Hello class, today's math lesson involves real life situations that can be solved by simple math equations. Or if not solved, they can at least be explained.

Here are a few equations to ponder:

Car Alarm = the boy who cried wolf + amplification

Military coup = recall - election

Trick or treat = Extortion + Oh, isn't that cute?

Black eye = eye + story

So you see, life and math are so conjoined that each experience is a mathematical equation. To get a peak at the teachers edition from which these examples came, go to MoreNewMath.com.

, 7Solve real-world and mathematical prelboms by writing and solving equations of the form x + p = q and px = q for cases in which p, q and x are all nonnegative rational numbers. So, is the example equation on p. 4, x + 5:50 9:20, appropriate for Grade 6? How should we read these examples? Does x + p literally mean the equation of the sum of a variable and one number? Since equations of the form, px + q = r is a Grade 7 expectation, we know that we are not supposed to combine these two types in Grade 6. But, what about x + p + q = r?Still on p. 4,and still in the same paragraph, I am not sure if I like the rather than language in students find greater benefit in representing the problem algebraically by choosing variables to represent quantities, rather than attempting a direct numerical solution, since the former approach provides general methods and relieves demands on working memory. Aren't they (algebraic representations and numerical strategies) obviously related? I'm not sure if I understand the claim about relieves demands on working memory, either. I don't think students will find it any more difficult to think, well, before he paid $9.20, he had 2.30+9.20, $11.50. And this was after he got $5.50 from grandmother It seems like a benefit of an algebraic equation in a complicated process is that it suggests a numerical strategy to find the solution.Now on to p.5, and this is the last comment/question. The draft says, Students in Grade 5 began to move from viewing expressions as actions describing a calculation to viewing them as objects in their own right. This statement made me wonder what 1.OA.7, Understand the meaning of the equal sign means. In general, I wish the document will more clearly articulate the contrast between what we are expecting from students in Grades K-5 from what we should expects in Grades 6-8. As the draft note, students start using letters for unknowns in Grade 3. So, what are some of the specific differences in their understanding we are expecting? I think the more clearly and specifically the document can articulate the contrast, the more useful it will be for teachers and curriculum developers.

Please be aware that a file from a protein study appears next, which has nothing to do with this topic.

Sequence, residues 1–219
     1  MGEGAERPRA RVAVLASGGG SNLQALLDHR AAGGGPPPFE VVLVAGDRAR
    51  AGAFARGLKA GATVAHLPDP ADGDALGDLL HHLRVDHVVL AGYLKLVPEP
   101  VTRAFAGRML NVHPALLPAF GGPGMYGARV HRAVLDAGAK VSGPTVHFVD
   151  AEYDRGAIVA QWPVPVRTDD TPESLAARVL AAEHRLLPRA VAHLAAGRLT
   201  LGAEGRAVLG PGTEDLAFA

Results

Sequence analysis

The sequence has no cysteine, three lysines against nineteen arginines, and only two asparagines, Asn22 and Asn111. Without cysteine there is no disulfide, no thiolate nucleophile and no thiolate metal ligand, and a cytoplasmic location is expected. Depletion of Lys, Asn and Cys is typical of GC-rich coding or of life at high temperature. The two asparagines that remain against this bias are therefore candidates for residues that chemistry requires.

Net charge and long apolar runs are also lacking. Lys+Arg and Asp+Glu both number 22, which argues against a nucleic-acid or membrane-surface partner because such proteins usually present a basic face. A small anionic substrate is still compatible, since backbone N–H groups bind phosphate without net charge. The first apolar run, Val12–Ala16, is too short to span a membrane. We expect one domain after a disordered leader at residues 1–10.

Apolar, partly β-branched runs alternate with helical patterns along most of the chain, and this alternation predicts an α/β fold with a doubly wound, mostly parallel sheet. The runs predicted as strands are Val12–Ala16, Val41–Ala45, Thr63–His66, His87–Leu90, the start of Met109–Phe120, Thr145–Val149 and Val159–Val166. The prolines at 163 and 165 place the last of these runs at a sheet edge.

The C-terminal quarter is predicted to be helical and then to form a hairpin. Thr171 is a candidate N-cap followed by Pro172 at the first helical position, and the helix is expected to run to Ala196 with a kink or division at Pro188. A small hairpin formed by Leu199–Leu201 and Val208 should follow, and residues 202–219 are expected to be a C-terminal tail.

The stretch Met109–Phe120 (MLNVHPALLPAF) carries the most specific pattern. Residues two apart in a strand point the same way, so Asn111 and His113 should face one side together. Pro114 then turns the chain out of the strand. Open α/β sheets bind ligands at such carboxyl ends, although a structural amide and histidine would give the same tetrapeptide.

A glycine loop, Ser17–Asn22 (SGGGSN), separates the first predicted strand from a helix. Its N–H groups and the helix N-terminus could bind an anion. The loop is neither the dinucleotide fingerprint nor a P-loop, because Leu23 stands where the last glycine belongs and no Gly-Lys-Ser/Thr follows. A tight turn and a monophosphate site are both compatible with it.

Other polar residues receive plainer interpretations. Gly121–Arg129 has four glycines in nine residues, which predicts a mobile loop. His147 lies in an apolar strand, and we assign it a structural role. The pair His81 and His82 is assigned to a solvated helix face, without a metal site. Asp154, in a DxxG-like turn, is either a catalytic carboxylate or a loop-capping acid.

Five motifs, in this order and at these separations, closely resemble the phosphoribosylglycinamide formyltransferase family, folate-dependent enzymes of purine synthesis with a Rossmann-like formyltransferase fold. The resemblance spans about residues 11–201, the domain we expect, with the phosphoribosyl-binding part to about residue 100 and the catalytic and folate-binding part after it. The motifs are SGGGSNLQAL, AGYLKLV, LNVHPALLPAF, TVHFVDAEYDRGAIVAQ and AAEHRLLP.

Posted by: Andik | May 18, 2012 at 05:10 PM